• Kelly Robbins

What is HPV?

HPV (Human papillomavirus) & what it actually means. Breaking the taboo, starting an honest conversation, to help understanding of what it is, where it comes from and the implications it can have.



Human papillomavirus (HPV) is a virus you will hear mentioned a lot along side cervical cancer. It is one of the things smear tests will be looking for, along with abnormal cells (cell changes) on the cervix. There is a real misconception and taboo, about HPV, which I believe is why, it is not spoken about enough.

When I first announced to my followers on instagram, I had been diagnosed with cervical cancer, I explained that on my recent smear, in comparison to others I had suddenly tested positive for HPV at the age of 26. I had been having smears very regularly since the age of 18 in endometriosis clinics. At the time I announced the HPV result, I received a message which said ‘I am sorry your partner has been unfaithful to you’. Of course this message upset me, but then I realised this type of response probably comes from the fact that we don’t know enough about this virus.


HPV is technically a sexually transmitted virus. Of course alarm bells go off here for everyone and many will think 'No I wouldn't CATCH this then'. But, what most people don’t realise is that basically ALL sexually active male AND females carry this virus. It can be transmitted through Vaginal sex, Anal sex, Oral sex and even the sharing of things like sex toys.


HPV can lay dormant in most people & not ‘switch on’ and one day something just suddenly flicks that switch.

I'll give a little scenario to give a better understanding: Pam (46) and Robert (48) have been together for 25 years, married for 16. Pam has had her smears 3 yearly since the age of 25, no results have ever been abnormal, no HPV or changes to cells. Pam and Robert are in a loving relationship and neither has ever been unfaithful in any way, not a kiss, sex etc, IN ANY WAY. Pam goes for her smear at 46 years old, with no reason to suspect anything has changed, BUT this time Pam is POSITIVE for HPV.


Robert unknowingly may have suddenly 'switched on' the HPV in Pam, or not. It could have been activated by nothing, just changes in her hormones or even activated 30 years ago by Pam's first partner and lay dormant for this long.

HPV does not have any symptoms atall. The more likely cause of symptoms would be if the virus had progressed into pre-cancous or cancerous cells. HPV doesn’t care about your, age or wellness, it can suddenly affect, anyone.

When you're 'diagnosed' with HPV, there is little information given about it, maybe that's even why you're reading this article. The NHS smear test letter will simply read 'Your results show you have HPV (Human papillomavirus). This is called a HPV positive result' It then explains what it is, briefly, across a few sentences. Through the ladies I have spoken to regarding this, the general feedback has always been, when asked, their doctors gave little to no expansion on what HPV really was and what that may mean for them.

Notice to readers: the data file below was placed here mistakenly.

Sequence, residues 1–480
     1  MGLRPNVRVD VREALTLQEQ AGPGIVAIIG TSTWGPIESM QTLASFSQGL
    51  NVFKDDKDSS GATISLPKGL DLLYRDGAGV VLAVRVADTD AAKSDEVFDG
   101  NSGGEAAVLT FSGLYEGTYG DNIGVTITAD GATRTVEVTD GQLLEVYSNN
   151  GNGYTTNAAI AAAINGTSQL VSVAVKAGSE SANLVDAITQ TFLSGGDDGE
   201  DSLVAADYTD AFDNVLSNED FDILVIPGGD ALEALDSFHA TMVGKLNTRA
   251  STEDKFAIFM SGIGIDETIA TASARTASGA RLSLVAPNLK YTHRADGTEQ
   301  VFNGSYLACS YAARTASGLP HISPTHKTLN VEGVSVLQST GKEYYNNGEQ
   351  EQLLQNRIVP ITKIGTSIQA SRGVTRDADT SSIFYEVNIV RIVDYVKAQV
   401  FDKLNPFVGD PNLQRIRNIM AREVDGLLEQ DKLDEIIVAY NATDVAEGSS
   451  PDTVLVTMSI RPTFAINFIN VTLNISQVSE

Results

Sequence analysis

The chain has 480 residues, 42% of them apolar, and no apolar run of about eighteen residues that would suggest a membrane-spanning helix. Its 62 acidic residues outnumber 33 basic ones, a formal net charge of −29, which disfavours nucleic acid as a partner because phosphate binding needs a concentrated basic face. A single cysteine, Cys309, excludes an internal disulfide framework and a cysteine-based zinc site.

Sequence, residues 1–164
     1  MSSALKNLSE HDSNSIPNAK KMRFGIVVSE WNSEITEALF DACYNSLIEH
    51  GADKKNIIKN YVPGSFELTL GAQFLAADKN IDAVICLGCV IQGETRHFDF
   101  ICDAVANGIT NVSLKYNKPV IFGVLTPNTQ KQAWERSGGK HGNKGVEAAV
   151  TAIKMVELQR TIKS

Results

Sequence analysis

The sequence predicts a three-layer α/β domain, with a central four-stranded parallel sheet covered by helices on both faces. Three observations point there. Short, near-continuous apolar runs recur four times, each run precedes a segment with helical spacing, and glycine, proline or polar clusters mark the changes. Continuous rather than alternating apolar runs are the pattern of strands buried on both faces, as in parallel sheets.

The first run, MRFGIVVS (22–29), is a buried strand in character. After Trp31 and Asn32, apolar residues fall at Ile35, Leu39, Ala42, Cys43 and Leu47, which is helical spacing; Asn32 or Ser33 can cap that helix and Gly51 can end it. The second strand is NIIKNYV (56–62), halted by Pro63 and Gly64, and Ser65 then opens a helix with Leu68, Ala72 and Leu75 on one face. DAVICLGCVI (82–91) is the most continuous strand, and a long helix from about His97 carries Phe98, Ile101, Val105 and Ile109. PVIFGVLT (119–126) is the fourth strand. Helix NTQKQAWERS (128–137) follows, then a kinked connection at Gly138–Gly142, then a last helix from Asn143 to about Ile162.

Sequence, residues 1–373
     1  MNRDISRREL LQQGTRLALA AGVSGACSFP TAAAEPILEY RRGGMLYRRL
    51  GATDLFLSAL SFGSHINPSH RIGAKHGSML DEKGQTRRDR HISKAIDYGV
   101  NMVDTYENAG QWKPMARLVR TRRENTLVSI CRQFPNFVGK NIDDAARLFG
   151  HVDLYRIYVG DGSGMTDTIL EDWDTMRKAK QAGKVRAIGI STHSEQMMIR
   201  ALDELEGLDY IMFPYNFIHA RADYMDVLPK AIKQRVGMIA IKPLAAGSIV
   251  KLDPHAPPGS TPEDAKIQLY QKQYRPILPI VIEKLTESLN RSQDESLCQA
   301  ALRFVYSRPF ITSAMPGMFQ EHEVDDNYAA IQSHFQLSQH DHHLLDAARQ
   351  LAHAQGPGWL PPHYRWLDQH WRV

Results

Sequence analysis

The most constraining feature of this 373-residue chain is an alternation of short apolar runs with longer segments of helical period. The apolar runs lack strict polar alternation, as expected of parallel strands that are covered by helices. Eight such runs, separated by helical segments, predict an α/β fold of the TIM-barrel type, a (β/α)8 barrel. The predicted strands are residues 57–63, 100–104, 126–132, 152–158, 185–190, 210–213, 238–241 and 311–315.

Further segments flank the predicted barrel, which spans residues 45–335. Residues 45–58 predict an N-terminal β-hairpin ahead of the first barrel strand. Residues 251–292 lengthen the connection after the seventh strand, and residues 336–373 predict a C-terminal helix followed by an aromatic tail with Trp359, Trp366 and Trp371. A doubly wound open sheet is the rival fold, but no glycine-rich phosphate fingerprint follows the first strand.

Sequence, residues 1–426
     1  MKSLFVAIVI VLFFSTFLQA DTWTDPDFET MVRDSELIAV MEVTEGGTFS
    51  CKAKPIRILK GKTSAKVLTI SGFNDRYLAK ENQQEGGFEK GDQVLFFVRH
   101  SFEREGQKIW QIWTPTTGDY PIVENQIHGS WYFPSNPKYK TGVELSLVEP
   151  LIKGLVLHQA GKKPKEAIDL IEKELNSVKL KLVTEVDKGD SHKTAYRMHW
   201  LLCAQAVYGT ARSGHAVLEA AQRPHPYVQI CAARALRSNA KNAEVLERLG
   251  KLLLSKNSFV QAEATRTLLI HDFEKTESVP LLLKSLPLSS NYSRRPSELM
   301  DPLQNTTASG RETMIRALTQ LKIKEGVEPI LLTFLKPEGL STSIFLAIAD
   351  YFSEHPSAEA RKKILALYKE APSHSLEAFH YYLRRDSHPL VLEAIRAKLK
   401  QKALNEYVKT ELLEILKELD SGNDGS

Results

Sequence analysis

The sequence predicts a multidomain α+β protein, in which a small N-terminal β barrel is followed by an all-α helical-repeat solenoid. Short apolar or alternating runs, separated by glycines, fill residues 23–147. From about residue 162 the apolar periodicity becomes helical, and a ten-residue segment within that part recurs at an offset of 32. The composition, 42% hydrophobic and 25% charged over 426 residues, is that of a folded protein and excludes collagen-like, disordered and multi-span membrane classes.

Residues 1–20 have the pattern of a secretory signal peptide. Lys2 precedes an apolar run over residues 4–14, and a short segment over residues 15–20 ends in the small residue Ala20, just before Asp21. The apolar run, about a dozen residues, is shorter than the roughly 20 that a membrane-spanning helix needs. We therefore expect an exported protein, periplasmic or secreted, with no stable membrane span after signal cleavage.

HPV often goes away 'switches off' on its own for many, but not always. If you tested positive but had little to no cervical changes, once a colposcopy has investigated, you may be reverted back to 3 yearly smears. Some areas of UK, rightly so, offer yearly smears for those who have previously tested positive for HPV until they're, 3 years clear. Unfortunately, this is not a blanket rule and many ladies who have HPV and even abnormal cells treated, end up falling back to a 3 yearly system. Of course I HIGHLY disagree with this and truly believe this is the reason we see so many ladies being diagnosed with cervical cancer, that ultimately could have been prevented.



To distinguish there are serval types of HPV that cause different conditions, two of which can increase your chance of developing cervical cancer. 7 OUT OF 10 cases of cervical cancer are caused by HPV. So this virus that is so very minimally brought to our attention increases your chance of developing cervical cancer by a massive, 70%!

Not as high in percentage, but just as astonishingly, it also increases the chances of various other conditions and cancers in both male and females.


(Graphic: MedicalNewsToday)


The only known way of reducing your risk of activating HPV is to use condoms during any kind of sex or penetrative activity, from the moment you become sexually active for the duration of your life. Of course this is impossible for most and even if was carried out, could not eliminate all of the risks because of the other ways the virus can be transmitted. It is worth noting there is also a vaccine, its best administered between the ages of 11-13 (or Pre-being sexually active). Though even if vaccinated, never assume you’re protected and don’t need to attend your smears, I feel like very often being vaccinated gives a false sense of security. I personally was vaccinated as a teen at school, pre-being sexually active, and still developed HPV.

The only way to know if you have an active form of the virus is to have your smears regularly on schedule. Some people will avoid their smear, to avoid knowing they are at an increased rick of developing such cancers. This is perfectly understandable, but, getting ahead of the situation is key and If you know from a smear you have HPV you will be more vigilant for symptoms of cervical cancer. Diagnosing cervical cancer early, could save your life!


Leave a comment below of your experience with HPV, did you feel the NHS gave enough information and support for the condition? Were you followed up? Any questions ask below...


Kelly xoxo